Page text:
Rethinking Journal Submissions

by | Jul 11, 2019

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The publication of drug trial results can raise awareness of a drug and, therefore, serve as an important first step toward its commercial success. But choosing the right scientific journal to submit those results to is neither simple nor easy.

One important consideration for authors deciding on where to submit their trial results is whether the journal is read by the people “you are interested in,” according to Igor Kissin M.D., Ph.D, a professor in the Department of Anesthesiology at Brigham and Women’s Hospital in Boston.

Among such interested readers may be the physicians and key opinion leaders in the medical community, as well as the patients who will be directly impacted by the availability of a drug.

The importance of attracting the interest of the right people was underscored by the accelerated approval of a drug for Duchenne muscular dystrophy (DMD). On Sept. 19, 2016, the Food and Drug Administration approved the proposed DMD drug, despite FDA scientists’ doubts about its efficacy, according to a report in the British Medical Journal.

Approval came after impassioned pleas from pediatric patients and their parents, according to a story on the Stat website. The FDA decision “delighted a frazzled, but vociferous community of parents, whose determined lobbying efforts were reminiscent of the movement three decades ago to force regulators to greenlight AIDS treatments,” the author of the Stat article wrote.

Approval of the fast-tracked DMD drug highlights the effect that can come from raising drug awareness through the publication of clinical results. As such, publication of the results in a journal read by patients interested in that field may not only alert them to the existence of a drug but fuel grassroots efforts to get the drug approved for marketing by regulators.

Yet journal readership is not factored into the ranking of a scientific journal. Neither is the specialty area of journals or the class of drugs about which clinical results are commonly published.

Journal rankings are instead still dominated by the journal’s impact factor — a calculation based on the frequency with which articles in a journal are cited over a selected period of time, reflecting the likelihood that published articles will be cited by authors of future peer-reviewed articles.

However, the impact factor should not be the only — or even the most important — consideration when choosing a journal.

Moving Beyond the Impact Factor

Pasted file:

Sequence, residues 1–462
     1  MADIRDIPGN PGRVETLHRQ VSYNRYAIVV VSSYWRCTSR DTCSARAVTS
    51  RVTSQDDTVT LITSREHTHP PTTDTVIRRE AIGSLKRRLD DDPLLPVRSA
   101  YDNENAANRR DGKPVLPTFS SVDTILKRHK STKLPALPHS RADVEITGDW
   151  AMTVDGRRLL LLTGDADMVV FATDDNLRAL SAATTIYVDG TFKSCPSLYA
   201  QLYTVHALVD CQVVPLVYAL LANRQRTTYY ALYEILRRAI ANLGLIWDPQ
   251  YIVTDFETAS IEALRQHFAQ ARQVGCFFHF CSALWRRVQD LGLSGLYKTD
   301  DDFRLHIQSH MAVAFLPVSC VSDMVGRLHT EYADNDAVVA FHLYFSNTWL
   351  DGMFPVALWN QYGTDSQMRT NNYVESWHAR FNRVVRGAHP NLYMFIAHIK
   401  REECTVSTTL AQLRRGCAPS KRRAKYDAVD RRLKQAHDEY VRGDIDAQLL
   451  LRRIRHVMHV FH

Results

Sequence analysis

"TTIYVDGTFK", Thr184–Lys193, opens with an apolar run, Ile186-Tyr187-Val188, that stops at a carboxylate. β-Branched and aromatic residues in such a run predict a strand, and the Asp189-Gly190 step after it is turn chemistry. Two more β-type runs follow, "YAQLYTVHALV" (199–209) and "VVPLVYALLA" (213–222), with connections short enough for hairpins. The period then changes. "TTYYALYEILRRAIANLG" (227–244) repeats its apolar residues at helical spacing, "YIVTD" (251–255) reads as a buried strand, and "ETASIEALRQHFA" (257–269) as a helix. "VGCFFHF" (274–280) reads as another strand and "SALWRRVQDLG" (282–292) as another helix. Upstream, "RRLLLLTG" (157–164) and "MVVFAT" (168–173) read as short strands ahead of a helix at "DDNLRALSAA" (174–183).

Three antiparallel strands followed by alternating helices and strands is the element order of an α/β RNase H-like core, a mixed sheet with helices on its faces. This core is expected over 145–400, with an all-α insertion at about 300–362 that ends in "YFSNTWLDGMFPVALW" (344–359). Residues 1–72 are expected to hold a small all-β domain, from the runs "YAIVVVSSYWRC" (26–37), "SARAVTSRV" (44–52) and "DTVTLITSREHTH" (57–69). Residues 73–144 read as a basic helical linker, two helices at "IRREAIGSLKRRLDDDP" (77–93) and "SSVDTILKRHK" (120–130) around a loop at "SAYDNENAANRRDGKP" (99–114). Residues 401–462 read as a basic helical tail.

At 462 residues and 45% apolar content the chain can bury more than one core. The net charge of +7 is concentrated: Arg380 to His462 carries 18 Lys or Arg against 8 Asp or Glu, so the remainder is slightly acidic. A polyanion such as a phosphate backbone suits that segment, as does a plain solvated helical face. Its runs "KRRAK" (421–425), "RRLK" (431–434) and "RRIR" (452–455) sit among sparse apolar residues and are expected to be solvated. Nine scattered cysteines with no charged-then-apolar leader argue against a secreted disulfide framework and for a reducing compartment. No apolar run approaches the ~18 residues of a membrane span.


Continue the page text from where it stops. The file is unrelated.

Authors seeking out high-impact journals might favor publications like the New England Journal of Medicine, which ranks in the top five of journals in terms of impact according to InCites Journal Citation Reports, a customized, citation-based research analytics tool. But traditional journal rankings that rely on the impact factor simply may not provide enough information to decide which journal to submit to.

In his 2013 article in the journal Drug Design, Development and Therapy, Dr. Kissin noted that a drug’s potential for success over the long haul may be reflected by the Top Journal Selectivity Index (TJSI), which is a calculation based on drug mentions in the top 20 journals. Dr. Kissin noted in the article that the utility of the TJSI as an indicator of long-term success for a commercialized drug was “explained by the high-caliber experts involved in the assessment of manuscripts evaluating new drugs in the top specialty journals.” These journals are chosen for the TJSI, Dr. Kissin wrote, not just on the basis of the journal’s impact factor but also on the specialty area related to the drug’s specific pharmacological class.

But even the TJSI does not include the most important factor to be considered when you’re looking to submit drug trial results, according to Dr. Kissin.

“The most important thing is to send drug trial results to the best journal that has a high probability of accepting your study,” he said. “If you think that the probability that your paper will be accepted in the New England Journal of Medicine will be one percent, you should not send them your manuscript.”

Submitting manuscripts to unsuitable journals is one of the most common mistakes authors make, according to the American Journal Experts (AJE), a consulting service.

Authors might consider several factors in addition to the journal ranking, according to the AJE, including the aims and scope of the journal and whether the journal has published research results similar to those of the prospective author.

While many factors can impact the commercial success of a pharmaceutical, choosing the right journal in which to publish clinical trial results is critically important. To get the most traction for their research, authors should look beyond traditional journal rankings, based on the impact factor, when submitting trial results.

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